Thursday, August 18, 2011

“NEW PowerPoint® DIET!: A Must Try for ALL PowerPointers”

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What kind of diet could this possibly be? We all know from Dr. Oz and the PBS fundraising-drive, brain-and-body guys (NOTE: So far no women docs. Why?) that diets don’t work. But we do know that all diets involve cutting back or out certain foods (aka “everything that tastes good”) and substituting other foods (aka “food that tastes bad or has no taste,” like a tofu sandwich on a Styrofoam rice cake, which is barf on a stick).

POWERPOINT PROBLEM
So how does this semi-humorous diet chit-chat relate to PowerPoint®? Great question! It has to do with the major complaint about PowerPoints®:

A June 2011 survey of the U.S. adult population (3.2% margin of error) by IBOPE Zogby International (Allen, 2011) concluded that “death by PowerPoint®” is a national epidemic and called for a presentation revolution. Too much text and boring graphics top the list of frustrating and uninspired features. Can you relate to those findings? PowerPoint® ranks as one of the most dreaded presentation platforms, with respondents claiming they would rather forego sex tonight (24%), do their taxes (21%), go to the dentist (20%), or work on Saturday (18%) than have a close encounter of the PowerPoint® kind. (QUESTION: Does that mean the other 7682% had sex, refused to do their taxes, let their teeth rot, and went sailing on Saturday?)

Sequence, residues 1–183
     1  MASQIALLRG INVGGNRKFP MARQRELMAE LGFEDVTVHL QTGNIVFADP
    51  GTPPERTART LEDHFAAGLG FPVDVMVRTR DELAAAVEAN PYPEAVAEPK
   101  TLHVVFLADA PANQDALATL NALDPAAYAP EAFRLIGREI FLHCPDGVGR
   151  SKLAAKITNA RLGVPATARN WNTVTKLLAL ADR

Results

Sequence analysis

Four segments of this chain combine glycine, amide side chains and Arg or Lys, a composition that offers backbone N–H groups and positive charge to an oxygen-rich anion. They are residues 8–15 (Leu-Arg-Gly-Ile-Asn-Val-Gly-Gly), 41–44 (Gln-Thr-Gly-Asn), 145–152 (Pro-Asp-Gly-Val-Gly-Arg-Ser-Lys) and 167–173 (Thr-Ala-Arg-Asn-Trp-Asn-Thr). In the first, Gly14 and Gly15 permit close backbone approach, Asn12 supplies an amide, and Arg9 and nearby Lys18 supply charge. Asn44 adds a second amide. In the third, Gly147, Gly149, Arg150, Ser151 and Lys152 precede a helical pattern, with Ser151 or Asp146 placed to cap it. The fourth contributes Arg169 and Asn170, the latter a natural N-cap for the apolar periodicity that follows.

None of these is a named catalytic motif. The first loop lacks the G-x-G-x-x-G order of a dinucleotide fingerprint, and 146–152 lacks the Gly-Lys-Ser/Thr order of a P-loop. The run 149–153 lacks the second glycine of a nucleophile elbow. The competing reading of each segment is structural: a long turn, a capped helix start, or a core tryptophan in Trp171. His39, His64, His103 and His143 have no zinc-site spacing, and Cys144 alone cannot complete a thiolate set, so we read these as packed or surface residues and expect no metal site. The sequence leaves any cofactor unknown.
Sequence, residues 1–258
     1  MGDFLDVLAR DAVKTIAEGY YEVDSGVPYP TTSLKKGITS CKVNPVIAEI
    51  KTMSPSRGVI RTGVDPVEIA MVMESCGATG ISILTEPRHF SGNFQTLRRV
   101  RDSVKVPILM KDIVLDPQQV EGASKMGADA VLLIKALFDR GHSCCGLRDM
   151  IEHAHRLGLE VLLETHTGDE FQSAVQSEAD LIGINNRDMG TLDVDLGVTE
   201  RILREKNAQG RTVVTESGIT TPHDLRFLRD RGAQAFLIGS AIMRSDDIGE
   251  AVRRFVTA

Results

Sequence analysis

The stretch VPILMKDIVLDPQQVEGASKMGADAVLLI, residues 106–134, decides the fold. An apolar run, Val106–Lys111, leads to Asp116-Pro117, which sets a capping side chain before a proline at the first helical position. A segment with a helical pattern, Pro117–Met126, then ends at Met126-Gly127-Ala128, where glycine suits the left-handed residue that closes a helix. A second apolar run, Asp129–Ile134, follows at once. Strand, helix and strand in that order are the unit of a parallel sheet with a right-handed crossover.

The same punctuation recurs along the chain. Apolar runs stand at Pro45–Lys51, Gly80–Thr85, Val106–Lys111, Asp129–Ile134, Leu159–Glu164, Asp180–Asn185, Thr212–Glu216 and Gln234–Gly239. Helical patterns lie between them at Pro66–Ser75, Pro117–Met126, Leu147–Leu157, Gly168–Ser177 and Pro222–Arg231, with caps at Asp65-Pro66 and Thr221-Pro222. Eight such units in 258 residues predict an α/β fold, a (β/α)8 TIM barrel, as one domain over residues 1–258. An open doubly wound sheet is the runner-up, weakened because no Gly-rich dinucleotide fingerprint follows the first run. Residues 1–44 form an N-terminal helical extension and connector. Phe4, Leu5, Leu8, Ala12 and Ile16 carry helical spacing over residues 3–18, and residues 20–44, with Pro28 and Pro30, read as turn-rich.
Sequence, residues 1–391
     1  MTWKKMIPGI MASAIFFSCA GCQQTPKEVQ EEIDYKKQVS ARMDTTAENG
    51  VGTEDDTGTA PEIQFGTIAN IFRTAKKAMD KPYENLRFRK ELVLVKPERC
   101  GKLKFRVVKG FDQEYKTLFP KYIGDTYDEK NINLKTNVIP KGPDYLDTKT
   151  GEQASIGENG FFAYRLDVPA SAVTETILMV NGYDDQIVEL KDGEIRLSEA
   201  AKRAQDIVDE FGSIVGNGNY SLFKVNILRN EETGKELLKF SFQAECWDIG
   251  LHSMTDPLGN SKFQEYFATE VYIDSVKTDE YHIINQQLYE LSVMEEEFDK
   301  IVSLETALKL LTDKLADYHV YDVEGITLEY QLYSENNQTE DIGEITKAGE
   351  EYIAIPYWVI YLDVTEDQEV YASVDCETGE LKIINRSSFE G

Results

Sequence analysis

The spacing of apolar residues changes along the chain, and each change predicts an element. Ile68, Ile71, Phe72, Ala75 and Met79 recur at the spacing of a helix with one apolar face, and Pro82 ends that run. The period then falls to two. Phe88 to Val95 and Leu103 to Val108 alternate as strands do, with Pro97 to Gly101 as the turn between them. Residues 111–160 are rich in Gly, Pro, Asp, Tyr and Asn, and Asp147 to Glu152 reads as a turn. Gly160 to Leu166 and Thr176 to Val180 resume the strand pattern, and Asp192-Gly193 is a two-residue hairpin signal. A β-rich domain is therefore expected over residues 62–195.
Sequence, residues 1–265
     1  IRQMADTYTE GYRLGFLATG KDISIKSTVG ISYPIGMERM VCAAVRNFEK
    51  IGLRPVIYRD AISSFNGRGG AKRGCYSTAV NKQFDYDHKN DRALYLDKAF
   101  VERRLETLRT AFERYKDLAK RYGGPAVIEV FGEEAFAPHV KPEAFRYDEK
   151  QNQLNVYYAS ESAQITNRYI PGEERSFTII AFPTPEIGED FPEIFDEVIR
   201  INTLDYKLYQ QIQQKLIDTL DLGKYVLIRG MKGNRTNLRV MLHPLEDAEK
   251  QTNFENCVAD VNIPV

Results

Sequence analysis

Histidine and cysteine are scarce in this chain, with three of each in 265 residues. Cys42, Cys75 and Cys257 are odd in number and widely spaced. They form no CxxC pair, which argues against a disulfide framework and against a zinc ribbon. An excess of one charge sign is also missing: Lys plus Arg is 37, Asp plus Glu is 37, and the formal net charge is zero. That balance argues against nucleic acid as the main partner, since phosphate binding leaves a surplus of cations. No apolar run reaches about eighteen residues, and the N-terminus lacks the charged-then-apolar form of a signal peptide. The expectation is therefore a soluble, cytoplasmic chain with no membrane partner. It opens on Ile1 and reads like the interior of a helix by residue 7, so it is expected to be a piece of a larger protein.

TOO MUCH TEXT
Why is there too much text on PPT slides?
A. The presenter slaps the whole presentation on the slides and uses the text as a crutch
B. The presenter doesn’t know the material well enough to slap only a little text on the slides
C. The presenter doesn’t prepare a separate handout with the detailed text
D. The presenter hasn’t read my latest article, which reviews the research on cognitive overload; the audience cannot possibly understand and remember a bucket of text on each slide 
E. ALL OF THE ABOVE

For the answer to the above test item and details on the PowerPoint® Diet, tune in to my next blog.
For several articles on the research and more detailed practices for PowerPoint® presentations, go to http://www.pptdoctor.net.

COPYRIGHT © 2011 Ronald A. Berk, LLC 

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